Egypt's new breed of students at E-JUST university
Education–the lack of learning opportunities for millions of children or even the lack of job opportunities once young people receive high school or university diplomas–was one of the fundamental grievances of the Arab Spring.
Egypt and Japan have launched an innovative higher education project which intends to tackle part of the problem.
The officially named Egypt-Japan University of Science and Technology (E-JUST) was officially launched in June, 2010 and when fully operational will offer some 3,250 graduate and post graduate students courses ranging from electronics and communications engineering, robotics, energy resources and environmental engineering, industrial, manufacturing and computer science.
Walking around the temporary campus recently–the permanent campus near the Mediterranean city of Alexandria will take several years to complete,--university President Ahmed B. Khairy said his facility was designed to meet many of the frustrated ambitions not only of Egypt's but the entire region's disaffected youth.
"Until now, most research was done overseas," he said. "For the first time this university will provide a rich research environment to our students. Egypt suffers a severe brain drain. But this university will encourage our best and brightest to stay at home or return from abroad."
A new breed of student at E-JUST
E-JUST will provide the kind of graduates Egyptian, Middle Eastern and African industries require, he said, by "developing new models of work and doing research in such cutting edge technologies as nano science and nano mechanics–technologies which will benefit the poor and not the rich."
JICA is working closely with Egyptian counterparts to establish the university, providing training for engineer and educational instructors and operational staff, developing educational programs and coordinating cooperation with 12 Japanese universities.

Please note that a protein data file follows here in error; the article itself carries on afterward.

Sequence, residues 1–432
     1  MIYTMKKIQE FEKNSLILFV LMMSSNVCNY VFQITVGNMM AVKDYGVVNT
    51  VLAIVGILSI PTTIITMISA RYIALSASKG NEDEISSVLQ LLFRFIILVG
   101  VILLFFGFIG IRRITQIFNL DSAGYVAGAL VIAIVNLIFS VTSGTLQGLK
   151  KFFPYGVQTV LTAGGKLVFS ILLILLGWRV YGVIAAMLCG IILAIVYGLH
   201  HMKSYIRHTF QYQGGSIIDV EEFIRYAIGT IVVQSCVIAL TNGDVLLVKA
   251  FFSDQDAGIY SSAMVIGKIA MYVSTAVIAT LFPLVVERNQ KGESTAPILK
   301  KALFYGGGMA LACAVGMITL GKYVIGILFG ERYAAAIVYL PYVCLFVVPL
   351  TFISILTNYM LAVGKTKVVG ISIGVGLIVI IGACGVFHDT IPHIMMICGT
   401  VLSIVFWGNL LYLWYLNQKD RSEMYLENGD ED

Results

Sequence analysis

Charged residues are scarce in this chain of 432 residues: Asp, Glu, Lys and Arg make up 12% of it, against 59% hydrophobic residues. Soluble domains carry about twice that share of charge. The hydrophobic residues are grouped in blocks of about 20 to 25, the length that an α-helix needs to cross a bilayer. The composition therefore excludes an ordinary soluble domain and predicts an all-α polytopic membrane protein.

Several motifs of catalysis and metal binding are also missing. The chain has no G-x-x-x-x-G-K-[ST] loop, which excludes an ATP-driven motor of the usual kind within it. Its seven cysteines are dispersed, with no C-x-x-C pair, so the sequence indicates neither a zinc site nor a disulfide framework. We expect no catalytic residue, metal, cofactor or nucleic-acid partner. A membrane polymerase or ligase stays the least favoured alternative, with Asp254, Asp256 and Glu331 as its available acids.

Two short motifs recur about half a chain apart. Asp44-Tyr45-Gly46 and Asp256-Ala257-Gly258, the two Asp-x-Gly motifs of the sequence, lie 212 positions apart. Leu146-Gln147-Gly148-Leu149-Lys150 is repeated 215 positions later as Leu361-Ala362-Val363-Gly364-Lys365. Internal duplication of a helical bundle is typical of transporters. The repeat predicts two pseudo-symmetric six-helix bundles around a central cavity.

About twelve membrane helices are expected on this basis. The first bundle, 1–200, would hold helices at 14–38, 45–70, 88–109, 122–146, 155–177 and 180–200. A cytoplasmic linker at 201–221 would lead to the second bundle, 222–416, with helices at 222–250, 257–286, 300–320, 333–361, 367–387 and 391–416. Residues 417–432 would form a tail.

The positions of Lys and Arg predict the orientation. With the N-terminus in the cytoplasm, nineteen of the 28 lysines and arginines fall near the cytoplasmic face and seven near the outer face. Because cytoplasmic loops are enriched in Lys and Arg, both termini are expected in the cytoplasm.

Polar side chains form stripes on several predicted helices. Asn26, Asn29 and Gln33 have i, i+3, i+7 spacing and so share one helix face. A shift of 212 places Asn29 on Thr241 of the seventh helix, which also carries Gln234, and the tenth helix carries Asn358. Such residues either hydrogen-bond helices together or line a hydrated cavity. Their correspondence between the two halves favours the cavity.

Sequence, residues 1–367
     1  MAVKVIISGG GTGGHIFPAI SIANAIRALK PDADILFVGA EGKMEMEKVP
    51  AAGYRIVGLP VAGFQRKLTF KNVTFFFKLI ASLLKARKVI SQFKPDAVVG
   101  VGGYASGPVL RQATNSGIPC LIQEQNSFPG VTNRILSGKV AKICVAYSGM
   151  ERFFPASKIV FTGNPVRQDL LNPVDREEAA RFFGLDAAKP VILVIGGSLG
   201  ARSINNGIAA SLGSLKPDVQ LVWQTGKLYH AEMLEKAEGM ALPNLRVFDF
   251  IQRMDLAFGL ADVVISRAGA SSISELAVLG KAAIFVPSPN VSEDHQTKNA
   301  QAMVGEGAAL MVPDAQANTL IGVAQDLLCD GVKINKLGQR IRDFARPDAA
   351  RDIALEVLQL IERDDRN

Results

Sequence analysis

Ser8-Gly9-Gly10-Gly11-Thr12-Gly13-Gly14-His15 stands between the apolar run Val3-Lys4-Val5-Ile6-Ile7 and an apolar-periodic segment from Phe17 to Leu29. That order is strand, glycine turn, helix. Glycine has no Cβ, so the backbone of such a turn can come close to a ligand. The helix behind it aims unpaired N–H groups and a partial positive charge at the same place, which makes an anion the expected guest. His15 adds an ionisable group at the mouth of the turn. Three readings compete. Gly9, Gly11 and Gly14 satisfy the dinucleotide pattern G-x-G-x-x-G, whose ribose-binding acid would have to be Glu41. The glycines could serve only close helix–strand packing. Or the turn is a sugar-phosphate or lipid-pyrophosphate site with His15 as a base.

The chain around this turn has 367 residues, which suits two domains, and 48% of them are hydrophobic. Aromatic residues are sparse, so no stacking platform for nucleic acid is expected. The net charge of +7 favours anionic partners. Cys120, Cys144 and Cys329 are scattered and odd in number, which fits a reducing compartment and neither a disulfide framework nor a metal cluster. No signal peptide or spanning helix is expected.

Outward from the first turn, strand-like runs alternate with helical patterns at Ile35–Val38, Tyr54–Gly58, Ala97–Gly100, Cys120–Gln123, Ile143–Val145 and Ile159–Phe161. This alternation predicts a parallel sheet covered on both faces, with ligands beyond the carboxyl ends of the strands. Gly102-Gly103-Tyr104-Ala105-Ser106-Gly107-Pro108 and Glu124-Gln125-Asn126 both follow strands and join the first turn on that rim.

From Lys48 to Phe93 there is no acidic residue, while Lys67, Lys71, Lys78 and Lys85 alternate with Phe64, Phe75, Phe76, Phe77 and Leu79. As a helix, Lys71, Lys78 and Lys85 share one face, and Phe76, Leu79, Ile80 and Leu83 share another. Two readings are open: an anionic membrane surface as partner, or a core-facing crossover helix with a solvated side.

According to Dr. Khairy, E-JUST was developed along the lines of ‘best Japanese practice.’ There is a joint Egyptian-Japanese administrative committee, resident Japanese professors among the teaching staff and permanent JICA officials attached to the project.
The university will also act as a showcase for Japanese culture, values, language and technology in the Middle East region and Africa.
Because of this fulltime partnership, JICA Project Coordinator Iwasaki Akihiro calls it the "biggest and most comprehensive program of its kind undertaken by JICA."
In addition to addressing some of the demands voiced by Arab Spring protestors in the last year, officials said they hope to establish E-JUST as an important regional university and within 10 years as one of the world's top 500 centers of higher learning–aiming to revive Egypt's ancient academic excellence. Alexandria, for instance, was once the site of the world's greatest library and of the Pharos lighthouse, one of the Seven Wonders of the Ancient World.